Herbs, Green Olive, Cherry & Chocolate. Softer & medium in weight with fewer tannins than Cabernet and ready to drink sooner. Takes well to Oak aging. It is frequently used as a blending wine with Cabernet to soften
A pleasing wine, of medium-weight, with spicy cherry and berry flavours and moderate tannins. Often used in Châteauneuf-du-Pape.
A cross of two grapes, Sylvaner and Riesling. Mainly grown in Germany, Northern Italy, and New Zealand. Light in colour, and can be dry to medium dry.
Also known as Muscat Blanc and Muscat Canelli. With pronounced spice and floral notes it can also be used for blending. A versatile grape that can turn into anything from Asti Spumante and Muscat de Canelli to a dry wine like Muscat d’Alsace.
The great grape of Northern Italy, which excels there in Barolo and Barbaresco, strong, ageable wines. Mainly unsuccessful elsewhere, Nebbiolo also now has a small foothold in California. So far the wines are light and uncomplicated, bearing no resemblance to the Italian types.
From the Bordeaux Region of France it is used for blending with Cabernet Sauvignon.
Plum & blackberry flavours mark this deep, ruby coloured wine. Usually full-bodied with chewy tannins. Used in France & California as a blending wine. Not related to the Syrah of France.
Similar flavour and texture to Chardonnay it is used in Champagne, Burgundy, Alsace, Germany and Italy.It can make some excellent wines. It can be intense, and complex, with ripe pear, spice, citrus and honey notes.
Pinot Grigio/Pinot Gris
At its best this varietal produces wines that are soft, perfumed with more colour than most other white wines. Grown mainly in northeast Italy, but as Pinot Gris it is grown in Alsace & known as Tokay.
Grown in the Champagne region of France, it is blended with Pinot Noir and Chardonnay to add fruit flavours to champagne.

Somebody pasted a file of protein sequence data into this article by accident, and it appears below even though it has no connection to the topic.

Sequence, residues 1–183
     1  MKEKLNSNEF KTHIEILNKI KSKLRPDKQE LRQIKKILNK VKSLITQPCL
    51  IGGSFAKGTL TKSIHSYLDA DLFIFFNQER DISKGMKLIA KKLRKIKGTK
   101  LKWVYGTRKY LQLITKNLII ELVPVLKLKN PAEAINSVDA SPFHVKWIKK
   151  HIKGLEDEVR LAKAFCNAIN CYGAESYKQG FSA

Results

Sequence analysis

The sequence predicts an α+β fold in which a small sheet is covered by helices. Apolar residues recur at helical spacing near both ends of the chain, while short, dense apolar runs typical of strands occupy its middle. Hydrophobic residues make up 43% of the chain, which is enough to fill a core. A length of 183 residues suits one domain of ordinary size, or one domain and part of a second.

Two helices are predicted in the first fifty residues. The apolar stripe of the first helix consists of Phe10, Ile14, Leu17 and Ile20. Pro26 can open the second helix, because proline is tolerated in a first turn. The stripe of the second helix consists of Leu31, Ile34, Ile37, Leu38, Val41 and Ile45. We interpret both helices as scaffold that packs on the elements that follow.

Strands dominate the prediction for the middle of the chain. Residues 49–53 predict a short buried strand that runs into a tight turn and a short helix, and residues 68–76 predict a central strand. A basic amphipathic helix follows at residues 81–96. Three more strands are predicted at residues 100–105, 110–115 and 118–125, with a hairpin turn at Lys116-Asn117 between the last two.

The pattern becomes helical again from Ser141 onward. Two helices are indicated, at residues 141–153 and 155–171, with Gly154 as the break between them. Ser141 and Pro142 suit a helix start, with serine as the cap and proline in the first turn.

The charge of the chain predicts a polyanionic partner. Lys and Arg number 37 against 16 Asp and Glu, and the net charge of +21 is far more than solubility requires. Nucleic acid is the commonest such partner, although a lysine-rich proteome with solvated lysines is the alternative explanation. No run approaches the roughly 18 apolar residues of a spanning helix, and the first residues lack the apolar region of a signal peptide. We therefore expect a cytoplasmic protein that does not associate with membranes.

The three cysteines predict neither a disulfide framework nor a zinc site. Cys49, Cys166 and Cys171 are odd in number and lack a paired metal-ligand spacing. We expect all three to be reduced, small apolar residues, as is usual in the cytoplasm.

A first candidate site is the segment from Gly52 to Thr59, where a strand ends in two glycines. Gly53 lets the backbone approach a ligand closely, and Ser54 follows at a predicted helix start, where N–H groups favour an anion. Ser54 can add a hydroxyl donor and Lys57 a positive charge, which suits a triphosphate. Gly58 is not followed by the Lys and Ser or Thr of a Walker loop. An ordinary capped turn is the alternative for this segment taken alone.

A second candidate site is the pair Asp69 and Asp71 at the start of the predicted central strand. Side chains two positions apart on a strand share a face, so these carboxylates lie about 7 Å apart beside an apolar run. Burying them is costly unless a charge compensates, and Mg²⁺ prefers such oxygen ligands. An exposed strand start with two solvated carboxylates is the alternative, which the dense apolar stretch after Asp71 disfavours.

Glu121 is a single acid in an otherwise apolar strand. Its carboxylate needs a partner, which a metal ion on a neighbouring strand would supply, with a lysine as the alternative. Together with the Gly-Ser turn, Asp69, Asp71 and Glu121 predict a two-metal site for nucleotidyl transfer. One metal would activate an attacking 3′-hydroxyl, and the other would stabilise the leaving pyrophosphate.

This is the great, noble grape of Burgundy. Difficult to grow but at its best it is smooth & richer than Cabernet Sauvignon with less tannin. Raisin like flavours with undertones of black cherry, spice & raspberry. Widely used in the making of champagne sparkling wines.
A cross between Pinot Noir and Cinsault. Grown in South Africa. Fermented at higher temperatures and aged in new oak for finesse and wonderful berry flavours.
A white wine grape of the northern Rhône Valley, mainly for blending with the white wine grape Marsanne.
Known for its supple texture, medium to full-bodied spice flavours, raspberry cherry & anise. Sangiovese is used in many fine Italian wines including Chianti.
Grassy & herbaceous flavours and aromas mark this light and medium-bodied wine, sometimes with hints of gooseberry & stonefruits. In California it is often labelled Fume Blanc. New Zealand produces some of the finest Sauvignon Blancs in a markedly fruity style.
The foundation of Sauternes, and many of the dry whites of Graves and Pessac-Léognan. It can make a wonderful late-harvest wine, with complex fig, pear, tobacco and honey notes. As a blending wine it adds body, flavour and texture to Sauvignon Blanc. It may be blended with Chardonnay, but does not add much to the flavour.
Trebbiano in Italy and Ugni Blanc in France. Found in almost any basic white Italian wine, and is actually a sanctioned ingredient of the blend used for Chianti. In France, it is often called St.Émilion, and used for Cognac and Armagnac.
Italian white that produces a pale, light-bodied, crisp wine.
Viognier, is one of the most difficult grapes to grow. It makes a floral and spicy white wine, medium to full-bodied and very fruity, with apricot and peach aromas.
With predominant raspberry flavours and a spicy aroma, Zinfandels can be bold and intense as well as light and fruity. It takes well to blending bringing out flavours of cherry, wild berry & plum with notes of leather, earth & tar. It is the most widely grown grape in California. Much of it is turned into White Zinfandel, a blush wine that is slightly sweet.